UPDATE: July 9, 2021: Quidel noted the tests are not being removed from shelves in the traditional sense of a product recall, rather the notice alerts lab customers of a label update from two months ago. "Our expert laboratory customers at high-complexity labs simply substituted the new labeling in processing" the tests, a statement said. Quidel said it worked with FDA to confirm "a rare potential for patients with high SARS‐CoV‐2 viral loads to be falsely interpreted as negative if target amplification occurs prior to a cycle‐threshold (Ct) value of 5."
A Quidel recall of more than 18,000 COVID-19 PCR testing kits in the U.S. has been labeled a Class I event by the FDA due to a significant risk of false negative results. Shares fell after news of the recall emerged late Wednesday.
The affected diagnostics can deliver false negatives when analyzing samples that contain relatively high amounts of the coronavirus. The problem occurs when the Quidel assays are used with thermocyclers from companies including Roche and Thermo Fisher Scientific.
Quidel has received five complaints about the tests, according to the FDA notice. The recall affects Lyra SARS-CoV-2 Assay kits distributed from March 2020 to May 2021 and requires labs to change their process for certain samples. The company did not return a request for comment by the time of publication.
Quidel received emergency use authorization for its Lyra assay on March 17 of last year, making it one of the first companies to bring a SARS-CoV-2 test to market in the U.S. A rapid antigen test went on to become Quidel's main pandemic product but the Lyra PCR kit still drove molecular diagnostic sales to new highs.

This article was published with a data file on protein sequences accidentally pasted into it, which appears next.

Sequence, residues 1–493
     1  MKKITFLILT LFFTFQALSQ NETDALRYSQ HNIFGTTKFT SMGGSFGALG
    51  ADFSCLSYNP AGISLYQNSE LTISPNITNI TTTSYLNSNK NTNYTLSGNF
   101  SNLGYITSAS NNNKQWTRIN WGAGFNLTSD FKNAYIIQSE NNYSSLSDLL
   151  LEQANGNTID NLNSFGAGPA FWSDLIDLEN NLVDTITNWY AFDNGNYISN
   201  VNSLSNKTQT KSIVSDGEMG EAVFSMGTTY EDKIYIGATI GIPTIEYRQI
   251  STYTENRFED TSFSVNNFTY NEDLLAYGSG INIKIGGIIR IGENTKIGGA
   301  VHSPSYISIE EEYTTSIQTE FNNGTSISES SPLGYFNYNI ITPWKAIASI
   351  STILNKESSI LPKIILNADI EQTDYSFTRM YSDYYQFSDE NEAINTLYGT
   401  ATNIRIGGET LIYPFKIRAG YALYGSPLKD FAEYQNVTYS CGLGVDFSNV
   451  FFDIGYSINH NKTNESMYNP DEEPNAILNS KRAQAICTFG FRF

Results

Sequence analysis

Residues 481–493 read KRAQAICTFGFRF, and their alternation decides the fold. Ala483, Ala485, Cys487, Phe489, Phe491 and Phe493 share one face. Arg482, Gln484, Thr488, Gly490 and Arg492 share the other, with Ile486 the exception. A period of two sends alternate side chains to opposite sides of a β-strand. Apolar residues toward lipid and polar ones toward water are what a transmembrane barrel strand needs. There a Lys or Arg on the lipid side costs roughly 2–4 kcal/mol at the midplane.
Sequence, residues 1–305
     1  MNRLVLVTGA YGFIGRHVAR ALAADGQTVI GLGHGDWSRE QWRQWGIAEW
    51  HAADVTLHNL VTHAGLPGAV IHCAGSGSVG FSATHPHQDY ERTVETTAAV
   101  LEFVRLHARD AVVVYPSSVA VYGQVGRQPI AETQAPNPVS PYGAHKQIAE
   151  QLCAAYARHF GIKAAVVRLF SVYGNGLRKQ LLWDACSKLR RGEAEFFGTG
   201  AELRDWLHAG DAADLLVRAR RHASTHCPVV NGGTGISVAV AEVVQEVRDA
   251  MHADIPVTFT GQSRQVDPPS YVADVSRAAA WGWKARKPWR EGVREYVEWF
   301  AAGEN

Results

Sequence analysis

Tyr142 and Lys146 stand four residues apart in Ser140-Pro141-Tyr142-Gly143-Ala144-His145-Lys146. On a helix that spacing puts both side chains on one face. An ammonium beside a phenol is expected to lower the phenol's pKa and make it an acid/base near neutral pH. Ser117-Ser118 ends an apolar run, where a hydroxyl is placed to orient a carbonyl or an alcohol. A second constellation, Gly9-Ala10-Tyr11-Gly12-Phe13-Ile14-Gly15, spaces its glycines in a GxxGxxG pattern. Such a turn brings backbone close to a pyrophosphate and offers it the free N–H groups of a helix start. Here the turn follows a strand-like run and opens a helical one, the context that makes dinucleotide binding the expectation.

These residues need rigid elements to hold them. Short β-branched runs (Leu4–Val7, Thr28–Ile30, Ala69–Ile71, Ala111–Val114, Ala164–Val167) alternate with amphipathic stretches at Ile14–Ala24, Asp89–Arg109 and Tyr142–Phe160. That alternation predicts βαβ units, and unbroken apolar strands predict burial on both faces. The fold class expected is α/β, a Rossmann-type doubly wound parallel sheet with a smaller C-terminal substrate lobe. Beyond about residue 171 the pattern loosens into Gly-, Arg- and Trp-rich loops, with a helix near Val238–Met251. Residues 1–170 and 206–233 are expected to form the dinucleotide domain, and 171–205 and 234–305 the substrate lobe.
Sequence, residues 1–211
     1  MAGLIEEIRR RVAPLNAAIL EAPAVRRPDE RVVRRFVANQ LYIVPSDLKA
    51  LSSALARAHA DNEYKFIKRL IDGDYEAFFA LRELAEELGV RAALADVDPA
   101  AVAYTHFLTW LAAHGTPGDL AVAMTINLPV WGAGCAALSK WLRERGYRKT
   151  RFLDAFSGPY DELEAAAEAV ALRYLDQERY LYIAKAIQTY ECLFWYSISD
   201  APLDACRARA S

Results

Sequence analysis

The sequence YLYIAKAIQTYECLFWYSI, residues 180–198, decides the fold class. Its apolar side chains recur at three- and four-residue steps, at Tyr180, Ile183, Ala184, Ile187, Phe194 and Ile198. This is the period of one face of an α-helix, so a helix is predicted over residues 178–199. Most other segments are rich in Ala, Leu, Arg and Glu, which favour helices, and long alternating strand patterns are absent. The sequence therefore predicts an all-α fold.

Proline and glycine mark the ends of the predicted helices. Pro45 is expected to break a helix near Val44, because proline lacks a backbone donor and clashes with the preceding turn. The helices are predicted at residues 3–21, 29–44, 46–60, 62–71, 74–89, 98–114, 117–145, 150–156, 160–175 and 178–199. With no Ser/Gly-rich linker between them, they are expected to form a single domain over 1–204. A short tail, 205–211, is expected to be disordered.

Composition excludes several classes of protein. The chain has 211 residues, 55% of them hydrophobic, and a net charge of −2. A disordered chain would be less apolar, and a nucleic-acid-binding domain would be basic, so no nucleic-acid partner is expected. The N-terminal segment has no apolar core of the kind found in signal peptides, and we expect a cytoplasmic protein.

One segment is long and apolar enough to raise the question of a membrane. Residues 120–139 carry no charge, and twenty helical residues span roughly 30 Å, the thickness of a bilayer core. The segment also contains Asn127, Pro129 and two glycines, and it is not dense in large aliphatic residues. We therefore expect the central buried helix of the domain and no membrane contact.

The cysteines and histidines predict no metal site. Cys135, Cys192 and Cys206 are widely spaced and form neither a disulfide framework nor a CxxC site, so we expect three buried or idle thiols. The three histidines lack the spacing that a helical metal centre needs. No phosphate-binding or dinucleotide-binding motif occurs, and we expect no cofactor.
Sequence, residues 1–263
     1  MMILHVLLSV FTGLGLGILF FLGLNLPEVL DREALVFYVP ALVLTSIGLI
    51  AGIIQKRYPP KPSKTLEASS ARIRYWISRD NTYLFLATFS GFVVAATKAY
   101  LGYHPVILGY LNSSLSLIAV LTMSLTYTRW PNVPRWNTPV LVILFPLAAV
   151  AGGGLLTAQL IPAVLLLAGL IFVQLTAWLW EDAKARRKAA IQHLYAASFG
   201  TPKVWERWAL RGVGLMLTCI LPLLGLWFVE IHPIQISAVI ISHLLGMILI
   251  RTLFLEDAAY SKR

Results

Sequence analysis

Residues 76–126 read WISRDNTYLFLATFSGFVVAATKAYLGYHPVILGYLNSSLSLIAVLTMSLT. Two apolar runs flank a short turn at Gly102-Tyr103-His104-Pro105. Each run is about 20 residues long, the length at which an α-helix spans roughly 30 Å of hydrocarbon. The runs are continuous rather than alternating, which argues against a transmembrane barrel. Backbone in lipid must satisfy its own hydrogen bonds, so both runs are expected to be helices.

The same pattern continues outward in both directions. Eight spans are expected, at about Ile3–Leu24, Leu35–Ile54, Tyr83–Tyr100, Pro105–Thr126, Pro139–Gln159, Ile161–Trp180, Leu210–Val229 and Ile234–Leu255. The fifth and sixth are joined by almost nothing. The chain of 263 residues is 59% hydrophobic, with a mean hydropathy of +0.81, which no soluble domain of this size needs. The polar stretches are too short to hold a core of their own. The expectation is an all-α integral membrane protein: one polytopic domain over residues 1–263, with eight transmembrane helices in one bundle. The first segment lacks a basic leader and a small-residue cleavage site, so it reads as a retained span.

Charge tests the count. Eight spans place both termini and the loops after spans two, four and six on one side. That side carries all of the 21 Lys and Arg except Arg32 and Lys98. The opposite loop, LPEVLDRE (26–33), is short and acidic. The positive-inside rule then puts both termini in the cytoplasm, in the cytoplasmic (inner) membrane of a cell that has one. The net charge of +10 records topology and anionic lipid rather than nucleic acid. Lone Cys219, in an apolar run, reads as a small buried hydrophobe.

Now, FDA has categorized a recall of Lyra as a Class I event. The recall affects 18,385 devices, with each kit containing 96 reactions, that were distributed from the day of the EUA through to May 27 of this year. Quidel has received no reports of injuries or death.
The problem arises when PCR amplification occurs at a cycle‐threshold (Ct) value of five or less, indicating a sample contains a relatively high viral load, and one of six thermocyclers from Applied Biosystems, Bio-Rad, Qiagen, Roche and Thermo Fisher is used. In that situation, Lyra can give a false negative.
Quidel has written to affected customers to advise them how to mitigate the problem. For samples with Ct values of five and less, users should perform 1:10 and 1:100 dilutions using uninoculated transport media and test the diluted samples according to the revised instructions for use. Quidel updated the IFU on April 21 with details of the dilution process.
The email to customers that initiated the recall went out on April 26. Talking to investors on a first quarter results conference call the following week, Quidel made no mention of the recall and gave an upbeat assessment of the PCR test.
"Lyra looks pretty solid. I hear other companies talking about the demise of PCR testing, but we're not seeing it. I do think we're taking some customers to them. We haven't seen the falloff that others [have]. It's reasonably stable at this point," Quidel CEO Doug Bryant said.
FDA maintains that molecular tests are typically highly sensitive for the detection of the SARS-CoV-2 virus. However, the agency has warned that all COVID-19 diagnostics may be subject to false negative results which "may lead to delayed diagnosis or inappropriate treatment of SARS-CoV-2 that may cause patient harm, serious illness, and death."